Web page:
The Architecture of the 2022 Winter Olympics Gets a Gold Medal in Cool
The Beijing 2022 Winter Olympics are officially behind us, but we couldn’t resist giving the games’ stunning architecture a proper send-off. While some of the venues weren’t exactly “new” — the Beijing National Stadium, for example — they still stand out as being some of the most impressive design gems ever to host the global sporting event.
Next time you watch those stunning triple axles and gnarly tricks from the skiers and boarders, take note of the following architectural marvels:
The Beijing National Stadium
Built ahead of the 2008 Beijing Summer Olympics, the Beijing National Stadium (also known as the Bird’s Nest), was conceived by the inventive Swiss architecture studio Herzog & Meuron.
Following the Olympic Committee’s decision to start reusing venues for a more eco-friendly, sustainable approach, the National Stadium has the distinction of being the only stadium to host both winter and summer Olympics. In addition to its unique shape and dynamic design, the Bird’s Nest also just so happens to be the world’s largest steel structure — making it the ideal place to host the opening and closing ceremonies of the 2022 Olympics within its illuminated latticed walls.
National Speed Skating Oval
Designed by architecture studio Populous (themselves no strangers to spectacular stadiums), the National Speed Skating Oval is one of only a few new structures built for the 2022 Winter Olympics.
Built on the former site of the 2008 hockey and archery fields, the Oval’s mind-bendingly melty shape (designed to let the spectators hear even the faintest ice scrape) is certainly distinctive — but it’s the 22 strands of electric blue light circling the stadium that really make it a showstopper. Dubbed “The Ice Ribbon,” the Oval is destined to be one of the highlights of this year’s Winter Games.
Big Air Shougang
Completed in 2019, the rollicking ramp Big Air Shougang marks another new addition to the Beijing Winter Olympics roster. Designed by TeamMinus, the structure is “the world’s first permanent big air structure” and will, not surprisingly, host skiing and snowboarding’s trickiest, most extreme big air events. Set on the site of a former steel mill, the ramp itself has an industrial feel to it, while the colorful aluminum side panels add bravado and flair to the scene.
National Sliding Center
Located in the Yanqing Olympic Zone north of Beijing, the National Sliding Center is yet another new addition to the Winter Olympics’ stellar architectural lineup. Designed by Atelier Li Xinggang, the over one-mile-long sliding track is topped with an impressive tiled wooden roof covering the winding trails below.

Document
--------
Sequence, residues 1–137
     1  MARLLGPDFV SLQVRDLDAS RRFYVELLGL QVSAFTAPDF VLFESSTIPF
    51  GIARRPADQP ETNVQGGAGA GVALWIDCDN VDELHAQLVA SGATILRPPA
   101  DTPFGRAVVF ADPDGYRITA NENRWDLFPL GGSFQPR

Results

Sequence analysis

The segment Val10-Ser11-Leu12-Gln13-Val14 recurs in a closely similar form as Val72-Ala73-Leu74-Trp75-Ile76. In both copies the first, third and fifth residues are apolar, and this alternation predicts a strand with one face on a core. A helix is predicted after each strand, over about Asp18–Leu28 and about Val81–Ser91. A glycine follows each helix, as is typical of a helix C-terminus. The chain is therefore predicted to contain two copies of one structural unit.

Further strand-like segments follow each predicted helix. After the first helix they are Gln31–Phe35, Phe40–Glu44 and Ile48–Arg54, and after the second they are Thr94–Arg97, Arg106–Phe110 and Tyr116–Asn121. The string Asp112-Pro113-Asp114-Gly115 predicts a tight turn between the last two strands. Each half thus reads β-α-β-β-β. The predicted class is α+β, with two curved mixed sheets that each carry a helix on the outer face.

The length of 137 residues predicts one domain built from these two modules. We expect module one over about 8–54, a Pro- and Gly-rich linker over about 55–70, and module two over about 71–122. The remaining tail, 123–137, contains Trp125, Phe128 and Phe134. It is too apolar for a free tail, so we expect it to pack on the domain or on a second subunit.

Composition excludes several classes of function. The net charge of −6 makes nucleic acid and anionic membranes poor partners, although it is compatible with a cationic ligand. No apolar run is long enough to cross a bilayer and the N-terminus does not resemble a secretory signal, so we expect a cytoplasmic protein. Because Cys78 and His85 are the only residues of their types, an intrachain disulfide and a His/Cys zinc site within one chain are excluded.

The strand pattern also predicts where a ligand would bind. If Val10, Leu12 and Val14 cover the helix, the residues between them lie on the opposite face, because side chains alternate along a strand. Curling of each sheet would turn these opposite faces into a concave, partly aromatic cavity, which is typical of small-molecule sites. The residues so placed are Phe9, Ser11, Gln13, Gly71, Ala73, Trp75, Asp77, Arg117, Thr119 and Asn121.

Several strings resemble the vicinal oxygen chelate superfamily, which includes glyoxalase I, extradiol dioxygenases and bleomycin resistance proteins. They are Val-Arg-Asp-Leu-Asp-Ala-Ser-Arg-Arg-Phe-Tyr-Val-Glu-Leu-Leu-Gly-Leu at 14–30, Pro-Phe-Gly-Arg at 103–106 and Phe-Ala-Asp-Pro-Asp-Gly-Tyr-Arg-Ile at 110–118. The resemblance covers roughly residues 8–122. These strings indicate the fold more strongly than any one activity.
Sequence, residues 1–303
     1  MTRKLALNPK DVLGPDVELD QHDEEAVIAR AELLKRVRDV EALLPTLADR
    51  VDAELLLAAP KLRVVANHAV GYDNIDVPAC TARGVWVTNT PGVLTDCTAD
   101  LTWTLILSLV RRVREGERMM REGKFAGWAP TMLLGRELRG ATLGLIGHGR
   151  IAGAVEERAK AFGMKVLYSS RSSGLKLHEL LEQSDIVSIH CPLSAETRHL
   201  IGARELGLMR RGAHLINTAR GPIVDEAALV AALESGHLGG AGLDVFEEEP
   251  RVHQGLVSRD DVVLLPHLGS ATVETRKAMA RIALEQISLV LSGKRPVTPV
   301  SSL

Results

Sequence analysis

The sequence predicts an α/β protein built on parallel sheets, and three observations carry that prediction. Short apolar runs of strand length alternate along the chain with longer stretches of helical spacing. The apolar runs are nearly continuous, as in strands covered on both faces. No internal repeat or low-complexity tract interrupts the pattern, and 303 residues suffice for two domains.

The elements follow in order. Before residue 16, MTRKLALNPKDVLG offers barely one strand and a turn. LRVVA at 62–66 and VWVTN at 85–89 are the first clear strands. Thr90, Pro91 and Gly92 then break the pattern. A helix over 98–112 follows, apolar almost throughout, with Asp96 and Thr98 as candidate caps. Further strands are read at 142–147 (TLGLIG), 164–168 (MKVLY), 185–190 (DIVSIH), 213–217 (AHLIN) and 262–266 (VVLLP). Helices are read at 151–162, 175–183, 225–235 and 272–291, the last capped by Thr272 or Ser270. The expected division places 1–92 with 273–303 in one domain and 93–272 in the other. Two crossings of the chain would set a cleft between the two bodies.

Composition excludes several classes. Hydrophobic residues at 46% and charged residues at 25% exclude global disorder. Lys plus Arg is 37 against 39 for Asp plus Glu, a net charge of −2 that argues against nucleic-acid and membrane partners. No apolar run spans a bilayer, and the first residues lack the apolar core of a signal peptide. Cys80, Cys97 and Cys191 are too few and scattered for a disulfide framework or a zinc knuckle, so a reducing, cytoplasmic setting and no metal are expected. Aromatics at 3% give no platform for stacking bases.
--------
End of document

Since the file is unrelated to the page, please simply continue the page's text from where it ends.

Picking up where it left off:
The primary site of the bobsledding, skeleton, and luge events at the 2022 Olympic Games, the Sliding Center is the first of its kind in China — and only the third to be built in Asia.
National Ski Jumping Center
Another inventive TeamMinus creation, the National Ski Jumping Center hosted the ski jump and Nordic combined events during the 2022 Winter Olympics. Now, it’s set to become an athlete’s training facility and luxe tourist resort post-games.
Nicknamed “Snow Ruyi” because of its resemblance to a ruyi, a traditional Chinese talisman representing power and good fortune, the center is located in the Zhangjiakou Zone northwest of Beijing — itself already a popular ski destination. Topped with an over 100-foot-high circular viewing platform complete with a panoramic restaurant, the Ski Jumping Center will surely be a destination for years to come due to its fabulous location, stunning vistas, and proximity to a new intercity railway.
While many of the structures at the 2022 Beijing Winter Olympics were repurposed faves from the 2008 Summer Games, we also saw an impressive new lineup of structures built expressly to host this year’s exciting events.
Next time the games roll around, take a moment between cheering Team USA and catching some curling to get a glimpse of some of the most inventive new architecture out there. You’ll be glad you did.
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